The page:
By Karen Lee Richards*
While there is no single fibromyalgia diet, there are certain dietary principles that have been found to be effective for helping to reduce digestive disturbances, cool inflammation and improve FM symptoms.
The following article by Sue Ingebretson, certified holistic health care practitioner and the director of program development for the Fibromyalgia and Chronic Pain Center at California State University at Fullerton, explains the basic principles of a healthy eating plan for fibromyalgia.
The Fibromyalgia Diet
On the fibromyalgia group pages of various social media sites, I read this comment more than any other:
HELP! I Don’t Know What to Eat!
Does that sound like you?
If so, you’re shouting in good company. The cacophony over what to eat (or more loudly, what not to eat) is practically deafening.
Any post, tweet, or article I write that mentions nutrition is likely to have multiple comments expressing frustration in this area … and for good reason. While the specifics of individual diets vary, it’s clear that what we eat has a great effect on how we feel. And, we are each different, with unique nutritional needs.
Whether chronic illness sneaks up slowly, or begins suddenly (such as after an accident, significant illness, or traumatic event) it’s common for symptoms to develop in a cascading fashion. It may start with stiff joints and then travel to that foggy, fatigued, and all-over bruised feeling. Most of us, at one time or another, have said that from head to toe, nothing feels right.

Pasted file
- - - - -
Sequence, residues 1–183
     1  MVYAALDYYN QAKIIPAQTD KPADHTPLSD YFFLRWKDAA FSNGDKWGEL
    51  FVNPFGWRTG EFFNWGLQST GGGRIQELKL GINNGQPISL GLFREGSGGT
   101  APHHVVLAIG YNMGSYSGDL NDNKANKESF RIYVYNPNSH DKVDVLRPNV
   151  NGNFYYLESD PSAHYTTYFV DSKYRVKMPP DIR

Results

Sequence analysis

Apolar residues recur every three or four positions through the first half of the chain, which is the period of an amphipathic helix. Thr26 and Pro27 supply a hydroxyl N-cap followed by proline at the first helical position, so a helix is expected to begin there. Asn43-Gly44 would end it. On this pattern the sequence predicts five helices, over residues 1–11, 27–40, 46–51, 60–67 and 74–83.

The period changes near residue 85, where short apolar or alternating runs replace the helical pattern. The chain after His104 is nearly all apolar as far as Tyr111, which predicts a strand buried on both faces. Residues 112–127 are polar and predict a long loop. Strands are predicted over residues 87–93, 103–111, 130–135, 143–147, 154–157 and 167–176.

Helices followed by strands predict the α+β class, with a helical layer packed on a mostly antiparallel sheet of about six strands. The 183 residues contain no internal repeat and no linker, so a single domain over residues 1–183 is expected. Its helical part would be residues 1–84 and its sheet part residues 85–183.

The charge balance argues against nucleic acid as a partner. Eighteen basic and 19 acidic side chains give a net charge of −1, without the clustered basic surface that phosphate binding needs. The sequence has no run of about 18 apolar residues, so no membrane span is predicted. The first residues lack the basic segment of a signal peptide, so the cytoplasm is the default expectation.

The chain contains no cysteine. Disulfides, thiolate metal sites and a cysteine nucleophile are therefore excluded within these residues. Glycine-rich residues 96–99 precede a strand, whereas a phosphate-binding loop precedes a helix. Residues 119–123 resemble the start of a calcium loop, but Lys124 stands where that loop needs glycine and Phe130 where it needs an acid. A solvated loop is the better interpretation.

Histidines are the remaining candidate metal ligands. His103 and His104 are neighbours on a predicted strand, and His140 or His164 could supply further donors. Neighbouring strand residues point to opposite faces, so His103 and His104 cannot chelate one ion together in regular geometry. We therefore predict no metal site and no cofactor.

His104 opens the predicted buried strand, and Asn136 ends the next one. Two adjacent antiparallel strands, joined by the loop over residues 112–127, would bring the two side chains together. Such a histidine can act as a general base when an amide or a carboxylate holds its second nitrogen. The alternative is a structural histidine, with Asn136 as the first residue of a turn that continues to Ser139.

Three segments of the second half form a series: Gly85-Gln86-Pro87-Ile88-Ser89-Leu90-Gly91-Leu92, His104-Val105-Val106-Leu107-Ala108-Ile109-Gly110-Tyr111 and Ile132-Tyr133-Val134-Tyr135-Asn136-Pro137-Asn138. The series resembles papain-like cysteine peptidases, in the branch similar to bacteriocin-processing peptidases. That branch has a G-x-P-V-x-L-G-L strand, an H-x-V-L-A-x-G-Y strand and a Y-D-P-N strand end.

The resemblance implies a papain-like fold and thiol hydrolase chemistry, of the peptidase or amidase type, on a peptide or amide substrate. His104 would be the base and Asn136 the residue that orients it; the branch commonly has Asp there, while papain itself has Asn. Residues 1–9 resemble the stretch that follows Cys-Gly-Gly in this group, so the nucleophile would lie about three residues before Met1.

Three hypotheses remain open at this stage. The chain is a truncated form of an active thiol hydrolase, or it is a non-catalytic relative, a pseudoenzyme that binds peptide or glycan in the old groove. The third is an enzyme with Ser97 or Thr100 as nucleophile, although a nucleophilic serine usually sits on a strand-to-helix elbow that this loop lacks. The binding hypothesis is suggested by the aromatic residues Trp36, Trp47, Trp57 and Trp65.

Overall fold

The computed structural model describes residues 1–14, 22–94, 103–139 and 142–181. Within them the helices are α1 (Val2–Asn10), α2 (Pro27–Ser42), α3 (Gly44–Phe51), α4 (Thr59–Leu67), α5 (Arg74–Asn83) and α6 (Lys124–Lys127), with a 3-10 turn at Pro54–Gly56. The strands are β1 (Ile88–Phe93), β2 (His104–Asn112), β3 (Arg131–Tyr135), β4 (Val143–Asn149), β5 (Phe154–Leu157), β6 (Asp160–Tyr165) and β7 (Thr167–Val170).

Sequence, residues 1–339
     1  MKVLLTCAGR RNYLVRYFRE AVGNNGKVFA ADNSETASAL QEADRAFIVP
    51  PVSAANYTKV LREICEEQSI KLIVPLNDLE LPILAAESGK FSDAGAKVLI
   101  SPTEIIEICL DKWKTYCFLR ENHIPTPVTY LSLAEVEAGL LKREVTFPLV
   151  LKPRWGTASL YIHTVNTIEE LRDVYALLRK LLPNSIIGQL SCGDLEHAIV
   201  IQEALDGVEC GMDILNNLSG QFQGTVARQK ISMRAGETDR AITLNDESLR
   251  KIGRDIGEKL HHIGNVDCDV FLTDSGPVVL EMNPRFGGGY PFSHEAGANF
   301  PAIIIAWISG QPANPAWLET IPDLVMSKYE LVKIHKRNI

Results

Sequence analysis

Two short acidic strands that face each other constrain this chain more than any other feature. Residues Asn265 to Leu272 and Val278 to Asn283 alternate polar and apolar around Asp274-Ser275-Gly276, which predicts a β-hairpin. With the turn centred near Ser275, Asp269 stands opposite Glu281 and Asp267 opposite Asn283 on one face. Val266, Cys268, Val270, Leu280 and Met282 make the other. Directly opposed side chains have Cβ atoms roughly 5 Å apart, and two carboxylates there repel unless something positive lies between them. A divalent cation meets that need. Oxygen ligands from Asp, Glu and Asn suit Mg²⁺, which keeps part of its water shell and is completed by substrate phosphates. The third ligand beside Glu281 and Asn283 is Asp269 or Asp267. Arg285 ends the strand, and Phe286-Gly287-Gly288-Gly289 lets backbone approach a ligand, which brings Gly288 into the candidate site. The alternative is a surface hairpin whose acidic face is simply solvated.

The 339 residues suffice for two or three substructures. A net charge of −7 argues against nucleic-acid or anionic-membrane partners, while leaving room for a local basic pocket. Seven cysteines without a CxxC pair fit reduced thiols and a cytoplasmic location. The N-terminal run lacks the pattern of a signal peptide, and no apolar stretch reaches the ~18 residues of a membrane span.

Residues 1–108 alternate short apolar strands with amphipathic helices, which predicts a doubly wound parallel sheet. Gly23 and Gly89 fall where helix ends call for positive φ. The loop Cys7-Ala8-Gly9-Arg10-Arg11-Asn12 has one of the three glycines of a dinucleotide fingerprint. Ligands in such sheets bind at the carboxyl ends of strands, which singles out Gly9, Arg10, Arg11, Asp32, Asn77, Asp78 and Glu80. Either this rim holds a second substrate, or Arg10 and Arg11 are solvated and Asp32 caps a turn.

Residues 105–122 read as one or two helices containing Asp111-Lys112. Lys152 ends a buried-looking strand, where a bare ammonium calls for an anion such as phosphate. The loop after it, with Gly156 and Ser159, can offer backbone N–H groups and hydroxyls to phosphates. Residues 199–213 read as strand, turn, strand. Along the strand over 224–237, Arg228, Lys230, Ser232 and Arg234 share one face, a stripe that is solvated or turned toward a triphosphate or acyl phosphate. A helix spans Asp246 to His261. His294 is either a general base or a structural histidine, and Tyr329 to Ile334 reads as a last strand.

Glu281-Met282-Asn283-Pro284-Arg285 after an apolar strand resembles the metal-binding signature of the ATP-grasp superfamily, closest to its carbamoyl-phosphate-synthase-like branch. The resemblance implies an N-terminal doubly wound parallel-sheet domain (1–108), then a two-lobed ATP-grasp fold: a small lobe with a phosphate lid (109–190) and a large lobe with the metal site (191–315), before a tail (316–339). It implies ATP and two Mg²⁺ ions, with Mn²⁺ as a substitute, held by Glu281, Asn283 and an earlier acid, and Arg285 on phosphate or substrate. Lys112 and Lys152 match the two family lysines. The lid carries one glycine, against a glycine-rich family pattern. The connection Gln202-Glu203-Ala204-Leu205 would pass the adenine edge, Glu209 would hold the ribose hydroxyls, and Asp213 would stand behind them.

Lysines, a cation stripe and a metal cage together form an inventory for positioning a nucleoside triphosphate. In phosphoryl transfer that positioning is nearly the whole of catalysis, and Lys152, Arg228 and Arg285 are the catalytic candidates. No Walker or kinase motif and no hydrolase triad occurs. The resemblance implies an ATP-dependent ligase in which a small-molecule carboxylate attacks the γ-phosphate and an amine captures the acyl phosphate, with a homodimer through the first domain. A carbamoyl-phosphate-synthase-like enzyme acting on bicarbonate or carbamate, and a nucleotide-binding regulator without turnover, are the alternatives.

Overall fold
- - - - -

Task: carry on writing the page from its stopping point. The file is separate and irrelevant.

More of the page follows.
Poor digestive health is a widespread systemic concern, affecting the entire body. It contributes to cognitive impairments, skin conditions, and immune system dysfunction, as well as joint and muscle pain. And, of course, digestive symptoms are also present such as intestinal pain, bloating, gassiness, intermittent or chronic diarrhea and/or constipation.
Those of us with fibromyalgia (as well as various autoimmune challenges) are known as super-sensitive individuals, right? We’re super-sensitive to lights, sounds, touch, scents, and tastes. That heightened sensitivity also relates to the foods that we eat.
We may be overly-sensitive to foods that don’t seem to bother others. A comprehensive list of these potential problematic foods can be found below, but for now, we’ll discuss how to approach this knowledge.
Rather than focusing on what not to eat – place the focus of your attention on what to eat.
Look for foods that feed the body at a nutritionally fundamental level. Consume a healthy balance of quality macronutrients (protein, veggies, and healthy fats) and be sure to stay hydrated throughout the day by drinking clean, filtered water.
By providing the vital nutrients that are typically missing from the Standard American Diet (S.A.D), the body is then better able to create a healing environment which results in reduced overall inflammation.
You may wish to review this ProHealth basic nutrition article for more details.
Making healthier substitutions is a great way to make small changes that yield big results. For example, swap out processed grains (corn, rice, breads, pastas, cereals, etc.) for ancient grains such as quinoa, millet, and amaranth. They make a great addition to any meal and are naturally wheat and gluten-free. Replace processed peanut butter with whole, natural almond or cashew butter. And/or, use hummus as a spread or dip rather than highly processed mayonnaise.
Experiment and get creative in the kitchen. Make it a goal to try new and different foods, giving yourself permission to be patient and flexible. It takes time to adapt to new and different tastes and textures. Don’t worry if something isn’t an instant “like.” It may surprise you later on to develop a craving for healthier versions of foods you once liked.